Yesterday Josh Graves posted on his blog this quote from Henri Nouwen:
One of the greatest ironies of the history of Christianity is that its leaders constantly gave in to the temptation of power—political power, military power, economic power, or moral and spiritual power—even though they continued to speak in the name of Jesus, who did not cling to power but emptied himself and became as we are. The temptation to consider power an apt instrument for the proclamation of the Gospel is the greatest of all. . . . What makes this temptation of power so seemingly irresistible? Maybe it is that power offers an easy substitute for the hard task of love. It seems easier to be God than to love God, easier to control people than to love people, easier to own life than to love life (In the Name of Jesus, 58-59).
I agree with Henri that power is an attractive and easy substitute for love. It is easy, but I don’t think “ease” captures all that is at work here. It is easy to substitute power for love because it is easy to get a big head. Such is a peril of being in front, of being visible and noticed and lauded and applauded. With a big head, folks get confused that leadership=power. Power is easy and attractive because when it is all about me I must somehow maintain and enlarge this focus on myself to ensure that it remains all about me. How do you maintain or enlarge focus on self? Easy…you use power. You leverage popularity (or at least visibility) into power. It is a short slide from visibility to narcissism to power. So begins the manipulation, scheming and conniving. So begins the politics of self-preservation.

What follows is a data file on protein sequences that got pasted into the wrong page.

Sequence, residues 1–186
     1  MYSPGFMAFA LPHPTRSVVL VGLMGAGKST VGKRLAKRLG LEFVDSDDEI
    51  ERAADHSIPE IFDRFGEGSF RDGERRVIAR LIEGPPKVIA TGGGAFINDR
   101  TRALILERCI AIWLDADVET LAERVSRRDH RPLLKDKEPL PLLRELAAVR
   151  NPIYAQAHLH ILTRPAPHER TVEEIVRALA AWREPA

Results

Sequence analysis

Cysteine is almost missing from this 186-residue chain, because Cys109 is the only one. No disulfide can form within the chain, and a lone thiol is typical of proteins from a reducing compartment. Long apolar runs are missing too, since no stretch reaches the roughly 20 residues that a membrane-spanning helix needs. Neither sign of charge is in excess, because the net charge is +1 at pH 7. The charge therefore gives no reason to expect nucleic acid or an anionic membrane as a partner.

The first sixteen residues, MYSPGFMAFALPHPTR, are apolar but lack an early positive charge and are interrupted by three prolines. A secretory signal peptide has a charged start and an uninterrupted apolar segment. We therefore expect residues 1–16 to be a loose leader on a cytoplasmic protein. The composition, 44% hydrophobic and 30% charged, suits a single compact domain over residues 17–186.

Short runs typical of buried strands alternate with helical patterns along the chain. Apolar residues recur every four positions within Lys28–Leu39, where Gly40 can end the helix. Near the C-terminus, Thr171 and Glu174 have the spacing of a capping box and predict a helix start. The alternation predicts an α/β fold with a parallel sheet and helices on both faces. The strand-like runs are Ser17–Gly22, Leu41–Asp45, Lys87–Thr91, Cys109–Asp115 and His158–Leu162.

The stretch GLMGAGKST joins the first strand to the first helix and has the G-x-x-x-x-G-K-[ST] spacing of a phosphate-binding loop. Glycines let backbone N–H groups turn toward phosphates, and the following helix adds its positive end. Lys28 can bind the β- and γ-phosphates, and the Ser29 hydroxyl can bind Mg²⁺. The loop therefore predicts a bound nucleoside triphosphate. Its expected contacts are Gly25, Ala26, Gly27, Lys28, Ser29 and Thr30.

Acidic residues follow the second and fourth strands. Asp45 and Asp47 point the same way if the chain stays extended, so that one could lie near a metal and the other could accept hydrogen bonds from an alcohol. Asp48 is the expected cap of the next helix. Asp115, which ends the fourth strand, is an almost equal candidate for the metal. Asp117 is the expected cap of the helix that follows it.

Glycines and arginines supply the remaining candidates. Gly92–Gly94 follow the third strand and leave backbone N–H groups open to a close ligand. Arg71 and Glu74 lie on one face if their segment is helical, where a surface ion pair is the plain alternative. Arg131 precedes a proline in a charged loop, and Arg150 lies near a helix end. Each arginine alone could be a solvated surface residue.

Love, on the other hand, says it is not all about me. In fact, it is not about me at all…it is about you. While power strives for the good of self, love seeks the good of another. Henri’s theological point is well-put: Jesus did not cling to power but emptied himself. The text underneath this is the hymn Paul quotes in Philippians 2.1-11. Leaders who would be Christian will take seriously this truth not only in word but in deed. I commented on Josh’s post that what makes Henri’s quote all the more powerful (no pun intended) for me is that he turned his back on power for sake of those who in the eyes of this world have nothing to offer narcissistic people. I find that truly powerful, and I respect it.